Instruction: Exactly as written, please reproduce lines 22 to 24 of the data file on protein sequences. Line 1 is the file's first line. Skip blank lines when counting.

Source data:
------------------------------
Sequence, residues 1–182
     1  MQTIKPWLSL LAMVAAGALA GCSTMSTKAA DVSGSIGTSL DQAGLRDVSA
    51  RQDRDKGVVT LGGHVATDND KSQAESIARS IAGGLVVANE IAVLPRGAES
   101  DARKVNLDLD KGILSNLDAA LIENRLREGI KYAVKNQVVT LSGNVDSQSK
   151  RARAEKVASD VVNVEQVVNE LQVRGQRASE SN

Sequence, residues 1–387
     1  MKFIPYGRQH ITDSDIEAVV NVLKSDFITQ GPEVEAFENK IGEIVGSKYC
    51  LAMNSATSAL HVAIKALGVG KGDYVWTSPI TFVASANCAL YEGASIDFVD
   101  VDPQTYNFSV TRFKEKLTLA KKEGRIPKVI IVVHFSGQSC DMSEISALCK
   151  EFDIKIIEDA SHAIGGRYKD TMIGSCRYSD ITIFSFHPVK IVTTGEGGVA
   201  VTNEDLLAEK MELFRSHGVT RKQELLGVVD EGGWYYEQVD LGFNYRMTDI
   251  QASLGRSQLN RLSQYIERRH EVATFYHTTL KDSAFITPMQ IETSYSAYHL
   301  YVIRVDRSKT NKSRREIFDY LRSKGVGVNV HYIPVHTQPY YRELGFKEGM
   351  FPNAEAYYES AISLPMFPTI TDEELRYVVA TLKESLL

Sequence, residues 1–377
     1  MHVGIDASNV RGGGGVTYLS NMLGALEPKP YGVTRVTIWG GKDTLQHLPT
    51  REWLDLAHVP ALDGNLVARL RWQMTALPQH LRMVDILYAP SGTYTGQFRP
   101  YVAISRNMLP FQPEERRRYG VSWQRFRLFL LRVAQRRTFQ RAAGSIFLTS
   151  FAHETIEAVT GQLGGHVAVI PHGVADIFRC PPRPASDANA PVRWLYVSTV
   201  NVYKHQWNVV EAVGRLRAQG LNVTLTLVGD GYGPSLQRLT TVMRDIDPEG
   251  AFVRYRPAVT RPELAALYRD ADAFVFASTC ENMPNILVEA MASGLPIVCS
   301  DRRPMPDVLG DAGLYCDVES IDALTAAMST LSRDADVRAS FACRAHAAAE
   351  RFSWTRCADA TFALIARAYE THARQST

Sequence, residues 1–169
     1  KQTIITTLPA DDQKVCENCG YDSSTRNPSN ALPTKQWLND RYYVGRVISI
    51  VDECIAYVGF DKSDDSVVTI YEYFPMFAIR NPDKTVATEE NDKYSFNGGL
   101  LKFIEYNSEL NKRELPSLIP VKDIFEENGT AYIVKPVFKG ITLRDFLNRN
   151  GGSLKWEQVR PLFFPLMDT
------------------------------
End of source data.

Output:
   301  DRRPMPDVLG DAGLYCDVES IDALTAAMST LSRDADVRAS FACRAHAAAE
   351  RFSWTRCADA TFALIARAYE THARQST

Sequence, residues 1–169